Early recognition and rapid response to a foreign animal disease (FAD) are critical to mitigating the toll it takes, according to Dr. Justin Smith, deputy animal health commissioner for the Kansas Department of Agriculture. That is why he and other animal health and emergency preparedness personnel, including Sandy Johnson, the department’s emergency management coordinator, are dedicating time to travel the state of Kansas to meet with stakeholders about the state’s FAD response plan. “Knowing what to do and practicing is so important,” Johnson says about the state’s plan.
The KDA team was in my neck of the woods this week to not only hold an educational seminar but also to allow stakeholders from North Central Kansas practice one piece of the state’s response plan. While there are multiple diseases for which a response may have to be implemented, the focus of this particular session was foot-and-mouth disease (FMD).
FMD has not been identified in the United States since 1929. This highly contagious disease of cattle, sheep, swine, goats, deer and other cloven hooved animals is not a food safety or public health threat. However, an outbreak could have potentially devastating economic consequences so local, state and federal government across the country work closely with the livestock industry and other officials to prepare, train and practice emergency response plans.
The room in the county’s health department was full for the seminar – with law enforcement officers, veterinarians, Extension agents, human health personnel, agricultural equipment dealers, and farmers and ranchers on hand. There are many aspects of a FAD response that must work together simultaneously. While KDA has worked with its partners to conduct full response exercises, Johnson says KDA is also taking a “one bite at a time” approach, focusing on specific elements of the response and holding trainings and exercises on the individual pieces.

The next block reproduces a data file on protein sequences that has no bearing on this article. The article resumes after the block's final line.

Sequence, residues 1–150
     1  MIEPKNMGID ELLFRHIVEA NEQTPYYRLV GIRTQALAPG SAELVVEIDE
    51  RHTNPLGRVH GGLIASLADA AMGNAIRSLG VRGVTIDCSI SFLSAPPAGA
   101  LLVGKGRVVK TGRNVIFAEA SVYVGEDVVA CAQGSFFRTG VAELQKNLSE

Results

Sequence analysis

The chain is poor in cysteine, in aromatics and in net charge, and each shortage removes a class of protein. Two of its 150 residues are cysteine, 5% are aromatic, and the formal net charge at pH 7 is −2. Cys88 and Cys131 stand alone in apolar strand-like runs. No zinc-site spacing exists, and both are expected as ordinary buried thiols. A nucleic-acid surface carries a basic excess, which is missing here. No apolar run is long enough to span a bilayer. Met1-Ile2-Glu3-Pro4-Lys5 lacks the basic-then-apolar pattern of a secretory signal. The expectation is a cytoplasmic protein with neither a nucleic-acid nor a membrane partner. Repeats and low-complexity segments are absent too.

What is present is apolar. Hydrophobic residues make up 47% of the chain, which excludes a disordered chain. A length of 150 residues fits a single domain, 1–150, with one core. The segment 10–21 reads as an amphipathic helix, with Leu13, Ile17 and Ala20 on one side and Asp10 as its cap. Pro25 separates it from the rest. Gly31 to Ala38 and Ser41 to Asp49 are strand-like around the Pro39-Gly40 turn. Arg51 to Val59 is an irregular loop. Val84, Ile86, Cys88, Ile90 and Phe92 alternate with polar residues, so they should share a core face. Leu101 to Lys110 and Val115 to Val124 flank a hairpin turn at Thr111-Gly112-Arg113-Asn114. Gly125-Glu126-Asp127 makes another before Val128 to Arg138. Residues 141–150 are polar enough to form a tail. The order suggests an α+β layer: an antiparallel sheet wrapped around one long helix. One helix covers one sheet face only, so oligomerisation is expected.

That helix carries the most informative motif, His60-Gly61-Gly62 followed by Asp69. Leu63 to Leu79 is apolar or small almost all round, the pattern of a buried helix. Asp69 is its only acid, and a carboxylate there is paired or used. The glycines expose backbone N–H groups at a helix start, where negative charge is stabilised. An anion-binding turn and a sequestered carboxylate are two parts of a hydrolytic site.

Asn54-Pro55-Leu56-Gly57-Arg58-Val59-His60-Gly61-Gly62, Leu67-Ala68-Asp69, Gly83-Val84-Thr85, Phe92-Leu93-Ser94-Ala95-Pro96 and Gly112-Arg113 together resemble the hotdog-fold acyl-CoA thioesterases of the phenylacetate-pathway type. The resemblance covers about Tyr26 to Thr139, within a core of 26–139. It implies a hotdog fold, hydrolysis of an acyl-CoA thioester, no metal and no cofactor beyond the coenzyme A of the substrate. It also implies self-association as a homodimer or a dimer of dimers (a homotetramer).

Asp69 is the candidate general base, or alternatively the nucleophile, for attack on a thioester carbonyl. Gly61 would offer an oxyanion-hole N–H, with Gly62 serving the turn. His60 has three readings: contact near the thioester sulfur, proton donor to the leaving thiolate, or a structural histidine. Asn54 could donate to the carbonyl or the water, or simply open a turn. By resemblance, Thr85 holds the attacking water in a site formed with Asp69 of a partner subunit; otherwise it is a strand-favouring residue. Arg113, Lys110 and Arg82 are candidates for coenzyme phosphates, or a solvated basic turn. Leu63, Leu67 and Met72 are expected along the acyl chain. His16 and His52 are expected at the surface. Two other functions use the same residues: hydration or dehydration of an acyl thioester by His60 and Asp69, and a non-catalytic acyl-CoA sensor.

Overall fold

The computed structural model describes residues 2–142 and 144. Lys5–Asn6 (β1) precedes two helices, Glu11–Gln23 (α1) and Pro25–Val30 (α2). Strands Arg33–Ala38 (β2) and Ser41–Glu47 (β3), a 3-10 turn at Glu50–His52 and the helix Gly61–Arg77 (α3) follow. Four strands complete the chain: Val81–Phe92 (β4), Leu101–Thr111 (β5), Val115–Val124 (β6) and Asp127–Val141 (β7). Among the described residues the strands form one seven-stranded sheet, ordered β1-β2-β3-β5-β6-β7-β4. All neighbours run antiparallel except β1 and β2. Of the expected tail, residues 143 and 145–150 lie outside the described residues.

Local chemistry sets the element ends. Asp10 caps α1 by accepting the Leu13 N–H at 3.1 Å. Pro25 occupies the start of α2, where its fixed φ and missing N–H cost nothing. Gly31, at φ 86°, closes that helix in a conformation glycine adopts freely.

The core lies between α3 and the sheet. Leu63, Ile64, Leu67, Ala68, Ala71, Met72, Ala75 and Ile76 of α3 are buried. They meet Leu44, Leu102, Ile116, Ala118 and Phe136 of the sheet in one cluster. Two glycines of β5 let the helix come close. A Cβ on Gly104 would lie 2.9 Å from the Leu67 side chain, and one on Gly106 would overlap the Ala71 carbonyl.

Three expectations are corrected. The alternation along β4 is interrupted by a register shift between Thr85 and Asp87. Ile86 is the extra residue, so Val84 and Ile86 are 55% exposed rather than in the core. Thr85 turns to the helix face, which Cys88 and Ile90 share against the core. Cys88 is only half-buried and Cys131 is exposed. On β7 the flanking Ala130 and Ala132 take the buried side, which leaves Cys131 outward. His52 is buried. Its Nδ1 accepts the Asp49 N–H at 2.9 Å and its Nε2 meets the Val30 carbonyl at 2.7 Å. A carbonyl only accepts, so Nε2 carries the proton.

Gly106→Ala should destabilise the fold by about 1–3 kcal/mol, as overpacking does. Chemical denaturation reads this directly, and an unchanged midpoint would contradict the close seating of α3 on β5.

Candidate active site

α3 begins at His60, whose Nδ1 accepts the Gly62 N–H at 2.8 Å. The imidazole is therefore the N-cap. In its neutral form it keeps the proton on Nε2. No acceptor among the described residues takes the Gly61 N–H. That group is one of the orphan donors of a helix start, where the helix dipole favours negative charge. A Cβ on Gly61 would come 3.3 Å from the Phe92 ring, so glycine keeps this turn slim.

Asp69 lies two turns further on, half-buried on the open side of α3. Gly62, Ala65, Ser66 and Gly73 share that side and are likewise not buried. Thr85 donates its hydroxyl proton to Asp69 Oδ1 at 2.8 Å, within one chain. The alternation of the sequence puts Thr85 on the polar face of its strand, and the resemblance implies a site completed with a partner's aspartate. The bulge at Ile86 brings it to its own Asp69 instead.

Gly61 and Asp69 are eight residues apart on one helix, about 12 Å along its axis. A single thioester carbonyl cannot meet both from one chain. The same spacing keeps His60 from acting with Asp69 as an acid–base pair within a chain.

The focus of this exercise was isolating the disease and stopping movement in the event of a FAD incident, which would not only be a key piece of a response plan but also a difficult component to effectively implement to stop the spread of the disease in a manner that allows the flow of commerce to resume as quickly as possible. In 2009, Kansas and Oklahoma exercised this piece of the plan in Southwest Kansas to determine how long it would take to get appropriate officials and equipment in place to establish a checkpoint, which could result in a full road closure, a detour around the incident area, a cleaning and disinfecting station, and/or a checkpoint to identify points or origin and points of destination for vehicles, especially those transporting agricultural products.
In addition to being tasked with identifying the “where’s” of such checkpoints (which included state and federal roadways as well as county roads), the group had to determine what types of materials and how many personnel would be necessary to implement the plan. Johnson said this helps identify the practicality of the plan. “In Kansas, there are more than 4,000 roads crossing into and out of the state. In addition there are many roads that pass into and out of each county. If it’s not feasible, don’t put it in the plan,” she says.
Preparedness activities have been ongoing in Kansas for many years, and Johnson says they will continue. “There will always be maintenance to do, but maintenance is far easier than starting from scratch. We have a lot of great partnerships with the Kansas Department of Transportation, highway patrol, emergency management, industry and others – we couldn’t do this without them. The cooperativeness at the state level is crucial,” she says. “The other thing is that Kansans understand how important this is. I rarely go anywhere where somebody grumbles ‘why are we doing this?’ They understand how important animal agriculture is in the state.”
To watch a video to learn more about implementing checkpoints, click here. For more information about the efforts in Kansas, visit http://agriculture.ks.gov/divisions-programs/emergency-management. Other resources for FAD preparedness include USDA APHIS, Iowa State University’s Center for Food Security and Public Health, and FMDInfo.org.